The Gryffindor dormitory chill
The books do mention house dormitories. But they don’t write about the downtime for students that we see in the movies. Particularly, in the Prisoner of Azkaban when the gang is trying out different sweets that make you produce animal sounds and effects.
This scene is short and doesn’t have any significant meaning attached to it at first glance. But it is important as it adds to the realism of the movie and the characters. It shows them as just teenagers, which we might sometimes forget.
Professor McGonagall giving Ron a dancing lesson
While Professor McGonagall does teach the students some proper etiquette in the books, this scene is only in the movie. It is when she picks Ron to demonstrate to the class how to properly ask a girl’s hand for a dance, and how to perform the basic waltz.
The scene is again quite warm because it shows our lads as just being boys, which is so often not the case. They are usually fighting for their lives and doing things way out of their league. The audience can sometimes forget that they are just teenagers, easily embarrassed and amused.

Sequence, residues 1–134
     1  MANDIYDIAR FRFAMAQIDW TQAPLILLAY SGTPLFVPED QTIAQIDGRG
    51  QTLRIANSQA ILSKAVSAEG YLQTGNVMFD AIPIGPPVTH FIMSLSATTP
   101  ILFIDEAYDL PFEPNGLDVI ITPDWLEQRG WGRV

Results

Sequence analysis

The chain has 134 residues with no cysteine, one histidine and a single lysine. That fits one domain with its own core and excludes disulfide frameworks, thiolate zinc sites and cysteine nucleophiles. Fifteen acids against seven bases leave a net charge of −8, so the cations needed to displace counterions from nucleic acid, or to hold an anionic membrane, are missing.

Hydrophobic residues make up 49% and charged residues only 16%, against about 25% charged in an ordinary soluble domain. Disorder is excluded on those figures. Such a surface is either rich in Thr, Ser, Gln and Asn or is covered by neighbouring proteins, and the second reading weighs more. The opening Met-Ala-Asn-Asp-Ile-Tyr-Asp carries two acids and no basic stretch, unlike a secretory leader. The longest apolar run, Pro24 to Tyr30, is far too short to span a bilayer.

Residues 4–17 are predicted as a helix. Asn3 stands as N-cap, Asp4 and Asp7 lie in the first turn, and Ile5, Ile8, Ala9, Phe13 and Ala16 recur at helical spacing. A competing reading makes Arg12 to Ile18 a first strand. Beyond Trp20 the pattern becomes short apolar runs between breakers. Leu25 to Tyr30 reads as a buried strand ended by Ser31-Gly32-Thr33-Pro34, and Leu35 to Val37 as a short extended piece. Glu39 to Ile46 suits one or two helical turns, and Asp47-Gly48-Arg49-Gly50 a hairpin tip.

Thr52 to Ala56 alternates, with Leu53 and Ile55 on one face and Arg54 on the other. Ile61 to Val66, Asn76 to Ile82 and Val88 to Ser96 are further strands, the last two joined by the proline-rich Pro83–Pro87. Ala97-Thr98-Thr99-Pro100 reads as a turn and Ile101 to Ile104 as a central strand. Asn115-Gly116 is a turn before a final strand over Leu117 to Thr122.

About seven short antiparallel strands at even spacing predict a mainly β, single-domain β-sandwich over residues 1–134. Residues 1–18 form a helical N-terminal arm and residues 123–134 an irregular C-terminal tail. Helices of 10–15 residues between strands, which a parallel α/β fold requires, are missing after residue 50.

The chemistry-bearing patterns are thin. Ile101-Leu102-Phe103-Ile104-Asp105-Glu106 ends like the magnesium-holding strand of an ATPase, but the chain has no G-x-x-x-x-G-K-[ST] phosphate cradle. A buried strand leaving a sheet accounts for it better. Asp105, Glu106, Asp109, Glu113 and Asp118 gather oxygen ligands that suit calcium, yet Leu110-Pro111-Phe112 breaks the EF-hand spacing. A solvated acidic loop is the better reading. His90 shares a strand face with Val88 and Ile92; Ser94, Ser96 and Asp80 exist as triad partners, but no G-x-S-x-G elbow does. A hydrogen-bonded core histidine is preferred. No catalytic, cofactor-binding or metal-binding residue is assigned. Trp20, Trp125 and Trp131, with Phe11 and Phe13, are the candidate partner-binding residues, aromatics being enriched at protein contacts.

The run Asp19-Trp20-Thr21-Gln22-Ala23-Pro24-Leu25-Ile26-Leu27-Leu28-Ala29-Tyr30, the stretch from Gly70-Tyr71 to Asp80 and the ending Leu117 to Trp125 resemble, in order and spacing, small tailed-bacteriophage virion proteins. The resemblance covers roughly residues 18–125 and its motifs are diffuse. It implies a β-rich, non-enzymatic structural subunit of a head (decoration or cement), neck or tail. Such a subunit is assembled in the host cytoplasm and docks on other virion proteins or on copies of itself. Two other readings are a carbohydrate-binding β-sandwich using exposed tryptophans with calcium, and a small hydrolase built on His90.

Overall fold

Hedwig died during the Battle of the Seven Potters both in the book and in the movie. In Harry Potter and the Deathly Hallows book, his pet owl dies in her cage. She was aboard the motorcycle with Harry, which Hagrid drove.
Snape killed the bird still maintaining his cover as a loyal Death Eater. But, in the movie, we see Hedwig protecting Harry from Avada Kedavra with its body. The curse killed her and this is how Voldemort knew which Harry was the real one.
Locking Dudley into the snake pit
There’s much more punishment for the Dursleys in the movies in general. Locking up Dudley in the Snake Pit at the zoo was brilliant. And Vernon falling out of his window is also not in the book. These scenes undoubtedly bring everyone huge satisfaction.
Neville giving Harry the Gillyweed
When Harry gets to the second round of the Triwizard Tournament, he is faced with a problem. He can’t breathe underwater, and he doesn’t know the charms or tricks the others use. However, this is where the book and the movie, Harry Potter and the Goblet of Fire, are very different.
In the book, Dobby helps Harry. He steals the gillyweed from Snape, or from his potions class storage more accurately. But, giving Nevile a passion for potion making and giving him this role in the movie was a good move. It established the character more and it probably saved the production a lot on CGI effects.